UTOPIA MINUS by Susan Briante

Review by Nate FriedmanUtopia Minus by Susan Briante

by Susan Briante

Ahsahta Press
1910 University Drive
Boise, ID 83725
ISBN 978-1934103197
2011, 83 pp., $17.50

Utopia Minus, the second collection of poetry from Susan Briante, takes as its inspiration the throwaway landscape of postmodern America: a boarded up Sunglass Hut, a cell-phone mast, gas station canopy. Briante, coolly observant and dissatisfied, searches for something of the eternal and metaphysical in public restroom scrawl and roadside vegetation.

And the potential for deeply affecting verse is palpable. These poems dare to ask why humans feel empty in the comfort of development, and how to live with the knowledge that development must decay. It is an ambitious and commendable inquiry, but Briante never finds an appropriate balance between sincerity and snark (“O Sunglass Hut, we hardly knew you!”) to give her imagery the strength to work as social comment. The collection’s strongest poems are deeply nostalgic, but the reader is never sure of what. “There are no great cities left in America,” she writes in “Mid-State.” But for which great American cities of the past are we to yearn? She writes about General Sherman’s army raining fire and death in Georgia, and the horticultural finery of Robert E. Lee’s plantation house with some wistfulness. American Indians and Jamestown colonists give way to strip malls and strip clubs, but none of it comes to signify much more than a lazy afternoon rainstorm in the Metroplex. In “Short Lines,” Briante writes that “All the great metaphors have been taken,” and the reader is inclined to think she believes it.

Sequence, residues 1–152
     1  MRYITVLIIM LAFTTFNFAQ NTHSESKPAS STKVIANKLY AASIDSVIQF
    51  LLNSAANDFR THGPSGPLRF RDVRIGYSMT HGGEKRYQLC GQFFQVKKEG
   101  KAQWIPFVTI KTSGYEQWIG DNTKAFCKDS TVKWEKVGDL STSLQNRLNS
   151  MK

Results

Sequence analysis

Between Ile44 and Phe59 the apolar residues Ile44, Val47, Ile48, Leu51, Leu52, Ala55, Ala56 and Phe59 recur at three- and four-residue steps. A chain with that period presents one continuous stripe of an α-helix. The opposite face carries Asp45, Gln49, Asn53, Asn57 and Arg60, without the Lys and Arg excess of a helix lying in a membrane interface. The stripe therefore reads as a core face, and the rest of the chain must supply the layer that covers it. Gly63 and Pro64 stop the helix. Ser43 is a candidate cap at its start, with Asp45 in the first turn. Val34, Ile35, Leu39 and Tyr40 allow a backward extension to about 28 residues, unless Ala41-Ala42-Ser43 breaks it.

The book, a physically gorgeous paperback from Ahsahta Press, is divided into three numbered sections separated by six open letters, written in margin-justified prose, to such figures as the Surgeon General and the President of the United States. In her memo to the Secretary of Housing and Urban Development, she recalls that “Lifting Farid’s face from my hair to watch him come this morning was the best of the day.” Farid is her husband, and a poet himself. “Farid and I have $15,000 in savings, $40,000 in debt”; inconsequential personal details like these undermine the collection’s purpose, and distract from the struggle for universal meaning that the poems chronicle.

It would be a mistake to discount Briante’s sharp eye for the image. Some lines in the collection are nothing short of astounding. She assures the reader in “I-35” that “A Georgia moon can strip color from the sky, turn a whole landscape into its still-wet negative,” a succulent image for its being so textured and visual. “In the hard soil of childhood, God was everywhere: in pitted sycamores, a vibrating clothes line, in fireflies hung still as lanterns from a Japanese maple”; when she conjures images as salient as these, there can be no question that Briante is a poet of real invention and inspiration. It would seem that Utopia Minus suffers not from a lack of zeal on the part of the poet, but from its over-ambition.

These poems, at their best, have moments of genuine resonance. At times, the beautiful imagery confronts the reader and asks what is gone wrong with the soul of America, why “We are trying to read a dirty world in structures of kinship, in gutted water heaters, in hills of plastic garbage bags.” But Briante can’t have it both ways: either the crumbling infrastructure and listless, quiet tragedies of postmodern society matter in the same way as the mythic history she exalts, or the cataloging of suburban minutia and its various boredoms and anxieties is mere self-absorption–with less poetic meaning and purpose than graffiti on an overpass.


Nate Friedman is an MFA candidate at McNeese State University, and his poetry has appeared in Crab Orchard Review and storySouth.

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